Our current data indicate that, similar to IGT, IFG in this insulin-resistant childhood cohort is characterized by diminished insulin secretion relative to the degree of insulin resistance. Notably, the IFG group was not more insulin resistant than the NFG group, at least as determined by frequently sampled intravenous glucose tolerance test, which measures total body Si (21). This finding is unlikely to be due to the relatively small number of subjects in this study, as power analyses indicate we would need to study >2,000 children (278 with IFG) for the degree of Si difference between IFG and NFG to reach statistical significance. The elevated fasting insulin and HOMA-IR in the IFG children have also been described in adults with IFG (3,4) and may suggest relatively higher hepatic insulin resistance in IFG versus NFG. Supporting this concept, Weyer, Bogardus, and Pratley (3) used the euglycemic-hyperinsulinemic clamp with tritiated glucose tracer to show that Pima Indian adults with IFG, when compared with either IGT or normoglycemic subjects, have greater hepatic glucose production that is not suppressible by supraphysiologic levels of insulin. Thus, while total body Si may not be different, these data suggest that children with IFG may have relatively higher hepatic insulin resistance than their NFG counterparts.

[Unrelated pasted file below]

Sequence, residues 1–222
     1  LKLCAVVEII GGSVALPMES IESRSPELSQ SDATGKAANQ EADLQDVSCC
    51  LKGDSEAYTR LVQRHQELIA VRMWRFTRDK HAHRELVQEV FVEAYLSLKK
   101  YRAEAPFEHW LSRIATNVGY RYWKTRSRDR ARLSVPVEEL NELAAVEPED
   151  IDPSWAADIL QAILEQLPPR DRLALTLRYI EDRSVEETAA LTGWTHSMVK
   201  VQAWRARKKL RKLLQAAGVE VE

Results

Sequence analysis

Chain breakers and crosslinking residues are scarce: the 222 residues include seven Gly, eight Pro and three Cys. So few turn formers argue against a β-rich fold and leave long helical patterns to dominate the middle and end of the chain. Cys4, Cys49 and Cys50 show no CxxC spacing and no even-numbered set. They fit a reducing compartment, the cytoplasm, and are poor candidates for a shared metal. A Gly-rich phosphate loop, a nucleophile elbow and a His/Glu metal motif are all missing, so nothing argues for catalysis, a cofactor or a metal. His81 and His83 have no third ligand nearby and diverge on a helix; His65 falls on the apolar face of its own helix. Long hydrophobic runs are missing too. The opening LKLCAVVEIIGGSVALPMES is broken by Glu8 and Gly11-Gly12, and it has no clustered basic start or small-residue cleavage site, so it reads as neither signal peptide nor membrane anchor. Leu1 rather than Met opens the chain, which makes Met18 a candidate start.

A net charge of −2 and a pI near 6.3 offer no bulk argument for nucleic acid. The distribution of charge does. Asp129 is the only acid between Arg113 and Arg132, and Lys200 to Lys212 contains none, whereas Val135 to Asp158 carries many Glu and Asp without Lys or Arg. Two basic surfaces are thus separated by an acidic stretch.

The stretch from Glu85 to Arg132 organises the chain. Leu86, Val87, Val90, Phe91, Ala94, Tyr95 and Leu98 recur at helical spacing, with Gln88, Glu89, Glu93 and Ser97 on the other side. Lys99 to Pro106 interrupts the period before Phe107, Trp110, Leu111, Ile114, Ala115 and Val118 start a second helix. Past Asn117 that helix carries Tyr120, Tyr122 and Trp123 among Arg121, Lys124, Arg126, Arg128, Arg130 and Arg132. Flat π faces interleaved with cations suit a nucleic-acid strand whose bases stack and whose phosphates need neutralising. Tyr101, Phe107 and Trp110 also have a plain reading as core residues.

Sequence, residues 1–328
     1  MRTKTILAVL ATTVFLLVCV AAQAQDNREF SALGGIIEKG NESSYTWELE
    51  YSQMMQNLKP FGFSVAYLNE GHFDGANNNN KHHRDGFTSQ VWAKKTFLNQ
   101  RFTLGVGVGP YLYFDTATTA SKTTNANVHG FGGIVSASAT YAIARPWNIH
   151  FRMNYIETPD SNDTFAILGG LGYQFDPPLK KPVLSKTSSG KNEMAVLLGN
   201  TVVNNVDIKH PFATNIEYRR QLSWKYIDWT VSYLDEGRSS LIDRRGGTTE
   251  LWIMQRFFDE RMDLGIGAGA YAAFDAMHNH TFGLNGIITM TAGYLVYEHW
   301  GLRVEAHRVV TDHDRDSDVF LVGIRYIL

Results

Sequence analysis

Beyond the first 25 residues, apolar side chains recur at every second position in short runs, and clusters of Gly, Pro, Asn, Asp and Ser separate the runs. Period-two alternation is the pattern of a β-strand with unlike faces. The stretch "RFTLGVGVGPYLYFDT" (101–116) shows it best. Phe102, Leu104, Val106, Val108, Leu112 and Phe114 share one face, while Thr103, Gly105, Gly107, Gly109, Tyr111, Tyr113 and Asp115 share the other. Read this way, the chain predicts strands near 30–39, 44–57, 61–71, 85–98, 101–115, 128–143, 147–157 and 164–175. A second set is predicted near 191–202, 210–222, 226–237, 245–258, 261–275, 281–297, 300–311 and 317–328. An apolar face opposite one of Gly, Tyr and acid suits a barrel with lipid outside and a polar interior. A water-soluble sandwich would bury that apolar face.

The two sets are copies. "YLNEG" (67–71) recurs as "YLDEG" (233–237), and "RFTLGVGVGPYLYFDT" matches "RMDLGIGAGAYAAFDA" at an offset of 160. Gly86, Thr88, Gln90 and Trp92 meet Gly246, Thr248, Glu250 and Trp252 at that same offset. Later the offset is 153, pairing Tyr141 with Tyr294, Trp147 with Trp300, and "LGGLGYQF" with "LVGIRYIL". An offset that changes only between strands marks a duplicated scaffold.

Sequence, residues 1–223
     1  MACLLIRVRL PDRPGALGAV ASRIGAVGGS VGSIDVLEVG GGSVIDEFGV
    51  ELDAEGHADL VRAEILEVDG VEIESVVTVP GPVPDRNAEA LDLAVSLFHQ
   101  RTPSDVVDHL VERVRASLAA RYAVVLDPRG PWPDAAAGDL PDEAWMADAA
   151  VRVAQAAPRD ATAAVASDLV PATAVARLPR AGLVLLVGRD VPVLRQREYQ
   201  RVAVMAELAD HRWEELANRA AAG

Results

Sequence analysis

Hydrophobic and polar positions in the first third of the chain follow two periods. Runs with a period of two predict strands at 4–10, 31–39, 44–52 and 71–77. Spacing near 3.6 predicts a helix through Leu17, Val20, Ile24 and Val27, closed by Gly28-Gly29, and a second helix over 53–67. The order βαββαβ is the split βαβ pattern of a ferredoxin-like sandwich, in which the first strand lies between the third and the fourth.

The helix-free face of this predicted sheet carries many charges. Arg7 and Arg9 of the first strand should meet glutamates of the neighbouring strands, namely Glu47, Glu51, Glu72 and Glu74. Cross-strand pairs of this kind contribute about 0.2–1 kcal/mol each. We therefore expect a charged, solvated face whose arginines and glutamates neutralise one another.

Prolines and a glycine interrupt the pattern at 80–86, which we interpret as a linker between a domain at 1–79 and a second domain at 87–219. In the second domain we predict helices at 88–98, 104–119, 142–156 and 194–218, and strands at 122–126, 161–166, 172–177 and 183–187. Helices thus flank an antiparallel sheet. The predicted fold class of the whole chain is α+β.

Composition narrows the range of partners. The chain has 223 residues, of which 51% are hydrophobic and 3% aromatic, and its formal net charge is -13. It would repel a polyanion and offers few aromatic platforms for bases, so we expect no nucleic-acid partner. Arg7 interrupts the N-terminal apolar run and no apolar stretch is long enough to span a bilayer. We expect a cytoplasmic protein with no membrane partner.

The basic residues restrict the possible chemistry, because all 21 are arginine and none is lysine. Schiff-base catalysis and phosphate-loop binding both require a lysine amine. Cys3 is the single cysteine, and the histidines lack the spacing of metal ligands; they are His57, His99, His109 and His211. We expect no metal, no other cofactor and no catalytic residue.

Our data suggest that insulin secretion, as measured by AIRg, was lower in the IFG group (P = 0.08). Differences likely did not quite reach statistical significance due to the confounding presence of children with IGT in both the IFG and NFG groups, since excluding these IGT children demonstrated significantly lower AIRg in IFG versus NFG children. In addition, significant reduction in AIRg was most apparent in those children who were most insulin resistant. The occurrence of lower insulin secretion in IFG children with greater insulin resistance supports the concept that chronic insulin resistance may increase β-cell secretory demands, resulting ultimately in β-cell failure and altered glucose homeostasis in susceptible individuals (22). While it thus appears likely that insulin resistance may be the initial feature leading eventually to β-cell dysfunction and hyperglycemia, longitudinal studies will be necessary to prove this sequence of events in children.